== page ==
However, their position is more well-rationalised; unlike Yuuya, Tarisa has seen combat and seen the same trauma, and her outgoing and immature personality is apparently exaggerated as a means of coping. Being reminded of this by his friends – and people prepared to fight his cause – provides Yuuya with the context he needs to calm down. Yet while Yuuya reflects on how he may need to change his tone, Yui is seen to be trying to accept his point of view – she cannot deny how he is making steady progress in training, and questions whether he really is as useless a pilot as she thinks. Both sides are beginning to question their previous intractability – Yui through personal introspection when away from the demands of her position as an officer, and Yuuya through hearing from others why he should reconsider. Subsequently, Vincent explains to him why his piloting skill (which has yet to be shown to the viewer in any useful situation, only in simulation and human-versus-human engagements) is not helping – the Japanese TSFs are designed to be used by technically proficient pilots rather than relying on brute force and simplistic strategies. Since Japan has lost much of its population, it is relying on keeping those pilots that remain alive and so must design equipment to suit a small number of skilled soldiers, rather than any kind of blunt-instrument strategy involving hordes of simply-designed units.
Come the next mock battle, Yuuya again fails; this time because he is too conscious of his failings. The consistent criticisms, both harsh from Yui and more compassionate from Vincent and his wingmen, have finally had an impact and he tries to pilot as he imagines a Japanese pilot would. He is even more gracious in defeat, admitting finally that the fault was his – through a lack of good practice – not the machine’s. When the exercise is interrupted by Yui’s arrival, in her own personal TSF, the stakes are raised; she comes in with live weapons and gives Argos Flight – and Yuuya in particular – the chance to vent their frustrations with her. Yui is giving Yuuya the chance he has wanted to prove his skill – and come to terms with the weaknesses of his piloting technique – in real combat. The fight is, like the other human-versus-human engagements, exciting and visually redolent of traditional mecha anime, and the combination of the risk of death and the chance to once and for all settle his score with Yui brings out Yuuya’s piloting skill plainly (although again and problematically, not in human-versus-BETA combat.) Winning the fight with Yui gains Yuuya the respect of his team, and finally apparently brings an end to the squabble – Yuuya has accepted he is not yet good enough and must improve because finally he has seen real combat.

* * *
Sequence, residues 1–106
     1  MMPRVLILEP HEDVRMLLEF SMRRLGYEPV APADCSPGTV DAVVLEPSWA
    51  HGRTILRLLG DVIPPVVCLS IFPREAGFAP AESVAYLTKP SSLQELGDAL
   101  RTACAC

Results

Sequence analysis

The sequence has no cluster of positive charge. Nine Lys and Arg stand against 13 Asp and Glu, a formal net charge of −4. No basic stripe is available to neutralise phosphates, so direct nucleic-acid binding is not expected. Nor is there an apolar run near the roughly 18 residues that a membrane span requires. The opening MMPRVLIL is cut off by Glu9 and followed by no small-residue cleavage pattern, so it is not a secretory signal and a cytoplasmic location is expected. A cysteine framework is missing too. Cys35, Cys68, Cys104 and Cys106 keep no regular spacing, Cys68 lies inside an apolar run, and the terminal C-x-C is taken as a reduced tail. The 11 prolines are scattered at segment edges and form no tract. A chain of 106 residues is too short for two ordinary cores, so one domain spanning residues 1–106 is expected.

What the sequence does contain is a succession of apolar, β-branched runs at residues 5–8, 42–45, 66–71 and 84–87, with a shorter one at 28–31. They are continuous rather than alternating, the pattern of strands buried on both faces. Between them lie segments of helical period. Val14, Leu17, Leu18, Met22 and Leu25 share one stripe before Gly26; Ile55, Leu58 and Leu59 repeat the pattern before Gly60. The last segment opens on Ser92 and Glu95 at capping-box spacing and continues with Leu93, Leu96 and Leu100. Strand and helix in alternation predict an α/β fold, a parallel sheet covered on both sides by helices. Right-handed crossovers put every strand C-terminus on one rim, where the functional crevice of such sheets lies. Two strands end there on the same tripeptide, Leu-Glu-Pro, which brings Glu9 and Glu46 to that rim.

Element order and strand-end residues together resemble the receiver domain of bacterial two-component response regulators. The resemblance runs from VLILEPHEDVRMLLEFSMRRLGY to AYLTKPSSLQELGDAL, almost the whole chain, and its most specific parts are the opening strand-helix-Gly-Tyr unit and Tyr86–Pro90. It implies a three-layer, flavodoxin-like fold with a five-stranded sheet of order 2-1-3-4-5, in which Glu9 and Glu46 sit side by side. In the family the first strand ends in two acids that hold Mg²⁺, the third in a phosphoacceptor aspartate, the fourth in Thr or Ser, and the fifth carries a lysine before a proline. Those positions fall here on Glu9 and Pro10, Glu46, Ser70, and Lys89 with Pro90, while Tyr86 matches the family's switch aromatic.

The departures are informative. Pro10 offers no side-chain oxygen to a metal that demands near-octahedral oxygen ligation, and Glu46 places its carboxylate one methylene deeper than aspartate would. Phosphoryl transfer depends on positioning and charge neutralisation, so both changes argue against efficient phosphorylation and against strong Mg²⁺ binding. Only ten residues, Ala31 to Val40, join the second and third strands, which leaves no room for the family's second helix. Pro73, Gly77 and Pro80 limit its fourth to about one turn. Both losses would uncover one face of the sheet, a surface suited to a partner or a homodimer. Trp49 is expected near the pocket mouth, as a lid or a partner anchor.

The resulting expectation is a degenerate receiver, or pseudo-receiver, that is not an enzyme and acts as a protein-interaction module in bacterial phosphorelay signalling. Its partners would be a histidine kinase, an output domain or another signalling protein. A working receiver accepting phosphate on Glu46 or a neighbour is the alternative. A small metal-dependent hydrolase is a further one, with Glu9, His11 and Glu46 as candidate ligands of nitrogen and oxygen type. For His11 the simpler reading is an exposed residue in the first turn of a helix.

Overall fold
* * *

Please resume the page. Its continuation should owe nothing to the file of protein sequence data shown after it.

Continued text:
Other Thoughts on this Episode and the Series So Far
This was a particularly strong episode; while it delved deeply into cliché in its handling of the climactic duel between Yui and Yuuya, it had been hinted throughout previous episodes that has arrogance, inability to fit in and lack of useful skill was a result of never having seen action. Facing the actual risk of injury – and subsequent humiliation as Yui would have been proved right in his defeat – provided the impetus for him to improve. This is another move away from traditional cliché; usually the arrogant lone wolf is brought down to earth as his failure results in someone else getting hurt, but for Yuuya it was the risk of his own ego being bruised that resulted in him finally taking training seriously.
It seems at this point there is finally a proper team dynamic among Argos Flight and its commanding officer Yui; this marks the first time she has returned to the controls of a TSF since her initial battle and it is done almost as an act of discipline to rein in an uncooperative and insubordinate pilot. If episodes 1 and 2 showed the trauma and loss that drove Yui’s character and defined her role in the narrative, these episodes did the same for Yuuya.